Apple Admits The Obvious: User Repairs Harm The Bottom Line

from the well-duh dept

It should probably go without saying, but Apple has never looked too kindly upon users actually repairing their own devices. The company's ham-fisted efforts to shut down, sue, or otherwise imperil third-party repair shops are legendary. As are the company's efforts to force recycling shops to shred Apple products (so they can't be refurbished and re-used), and Apple's often comical attacks on essential right to repair legislation, which only sprung up after companies like Apple, Microsoft, Sony, John Deere, and others created a grass-roots counter-movement via their attempts to monopolize repair.

The motivation for these behaviors is obvious: if users are repairing or recycling their iDevices, that means fewer sales. As such, Apple has increasingly become more and more obnoxious on this front, regardless of the impact on consumer satisfaction, customer rights, or the environment. You know, like that time it claimed that Nebraska would become a "mecca for hackers" (oh no!) if the state embraced legislation protecting a consumer's right to repair their own devices.

Fast forward to last week, when Apple CEO Tim Cook was forced to write a letter to investors announcing that it had to dramatically scale back revenue projections after it sold fewer iPhones than it had hoped. Part of the problem is that, contrary to the traditional gushing mainstream tech press narrative, Apple's products (and smartphones in general) have become arguably more derivative and less innovative than in recent years, slowing the upgrade cycle. Though Cook states the primary culprit was a slowdown in the Chinese economy (caused in part by Trump's "easy to win" trade war), resulting in fewer iPhones being bought.

But buried in the letter is a notable admission Apple has long tried to avoid. That the company's revenue dip was, at least according to Apple, partially due to users repairing and extending the life of their devices:

"While macroeconomic challenges in some markets were a key contributor to this trend, we believe there are other factors broadly impacting our iPhone performance, including consumers adapting to a world with fewer carrier subsidies, US dollar strength-related price increases, and some customers taking advantage of significantly reduced pricing for iPhone battery replacements."

Journalists like Jason Koebler, who has been at the lead of the right to repair beat for years, was quick to appreciate Apple finally admitting the obvious:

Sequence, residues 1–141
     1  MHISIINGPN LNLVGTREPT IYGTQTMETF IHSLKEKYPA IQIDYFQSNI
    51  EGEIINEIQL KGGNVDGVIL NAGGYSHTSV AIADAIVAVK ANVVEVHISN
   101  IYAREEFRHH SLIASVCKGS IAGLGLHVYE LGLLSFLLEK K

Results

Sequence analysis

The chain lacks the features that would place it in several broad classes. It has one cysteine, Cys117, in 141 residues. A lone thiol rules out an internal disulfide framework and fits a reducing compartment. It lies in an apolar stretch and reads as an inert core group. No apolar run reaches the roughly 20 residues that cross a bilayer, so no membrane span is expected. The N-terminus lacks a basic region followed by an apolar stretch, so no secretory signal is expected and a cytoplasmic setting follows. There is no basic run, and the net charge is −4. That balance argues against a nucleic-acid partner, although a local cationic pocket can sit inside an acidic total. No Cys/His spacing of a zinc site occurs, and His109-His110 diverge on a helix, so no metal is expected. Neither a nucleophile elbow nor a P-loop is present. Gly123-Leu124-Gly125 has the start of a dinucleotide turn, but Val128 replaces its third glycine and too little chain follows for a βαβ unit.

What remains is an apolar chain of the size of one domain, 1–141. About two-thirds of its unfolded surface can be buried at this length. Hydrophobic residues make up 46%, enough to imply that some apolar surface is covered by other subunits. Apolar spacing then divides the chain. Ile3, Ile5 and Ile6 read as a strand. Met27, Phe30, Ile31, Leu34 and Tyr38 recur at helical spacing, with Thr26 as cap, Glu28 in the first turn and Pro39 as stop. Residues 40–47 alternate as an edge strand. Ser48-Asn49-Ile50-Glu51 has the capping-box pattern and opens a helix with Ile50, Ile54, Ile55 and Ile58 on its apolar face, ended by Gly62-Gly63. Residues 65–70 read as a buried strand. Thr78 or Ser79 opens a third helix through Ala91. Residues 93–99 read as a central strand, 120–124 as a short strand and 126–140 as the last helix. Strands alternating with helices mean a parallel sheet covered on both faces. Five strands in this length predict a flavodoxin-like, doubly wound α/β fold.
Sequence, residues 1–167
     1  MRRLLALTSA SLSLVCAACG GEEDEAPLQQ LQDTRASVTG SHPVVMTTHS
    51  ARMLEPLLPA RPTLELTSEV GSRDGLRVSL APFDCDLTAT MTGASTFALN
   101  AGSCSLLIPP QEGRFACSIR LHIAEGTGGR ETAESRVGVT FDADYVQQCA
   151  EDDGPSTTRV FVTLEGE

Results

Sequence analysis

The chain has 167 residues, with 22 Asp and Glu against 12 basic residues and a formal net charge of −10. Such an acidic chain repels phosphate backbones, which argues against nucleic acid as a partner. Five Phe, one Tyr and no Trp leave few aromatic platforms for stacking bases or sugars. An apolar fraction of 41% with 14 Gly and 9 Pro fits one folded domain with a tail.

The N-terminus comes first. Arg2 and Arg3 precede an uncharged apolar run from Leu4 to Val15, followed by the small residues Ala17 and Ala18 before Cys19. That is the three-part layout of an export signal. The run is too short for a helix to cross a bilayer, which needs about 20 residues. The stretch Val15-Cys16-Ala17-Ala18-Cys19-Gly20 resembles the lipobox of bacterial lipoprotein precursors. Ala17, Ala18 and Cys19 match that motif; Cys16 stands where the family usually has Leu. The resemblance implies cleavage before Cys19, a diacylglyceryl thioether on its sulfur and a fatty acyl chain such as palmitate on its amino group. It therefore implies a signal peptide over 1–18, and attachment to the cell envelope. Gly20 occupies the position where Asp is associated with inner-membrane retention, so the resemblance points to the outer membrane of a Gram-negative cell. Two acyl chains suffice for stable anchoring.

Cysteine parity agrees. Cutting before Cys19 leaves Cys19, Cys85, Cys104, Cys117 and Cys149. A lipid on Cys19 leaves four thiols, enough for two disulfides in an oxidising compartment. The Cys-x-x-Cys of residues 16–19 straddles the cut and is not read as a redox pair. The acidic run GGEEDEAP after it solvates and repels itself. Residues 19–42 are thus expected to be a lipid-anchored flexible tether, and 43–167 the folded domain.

"Right to repair advocates have long argued that Apple customers would be able to get a lot more out of their devices if Apple gave them the ability to repair them, but say the company doesn't want to do that because it will hurt its bottom line. Here is evidence that they might be right."

To be clear, Apple appears to simply be talking about its decision to cut its $79 battery replacement fee down to $29 (free, for some) as a way of apologizing for revelations it was intentionally slowing down some older iPhones, something Apple claimed was necessary to protect the integrity of older devices with aging batteries. Still, right to repair advocates like US PIRG, long frustrated by Apple's misdirection on this subject, applauded the otherwise unremarkable admission:

"Over the past year, I’ve spent a lot of time talking to lawmakers and consumers about Right to Repair, and it’s clear that “ThrottleGate” has fundamentally changed the way we think about our smartphones in two key ways. We now know that batteries can be replaced, extending the life of our older phones. We’ve also developed a sense of skepticism about upgrading our smartphones, due to feeling coerced in an underhanded way toward an unnecessary new phone purchase.

“Long-lasting devices are best for consumers, and best for the planet. Which begs the question: Why isn’t Apple out in front of this trend, instead of being caught off-guard by it?"

Granted Apple's arguably minor acknowledgement is not going to stop companies like Apple, Microsoft, Sony, Verizon, or John Deere from continuing their all-out war on a consumer's right to repair, while simultaneously radiating branding that heralds innovation and a breathless adoration of the "user experience." That's particularly obvious in Apple's ongoing assault on the eighteen states currently eyeing right to repair legislation, opposition the company likes to pretend is exclusively driven by Apple's ethical concern about user safety and security.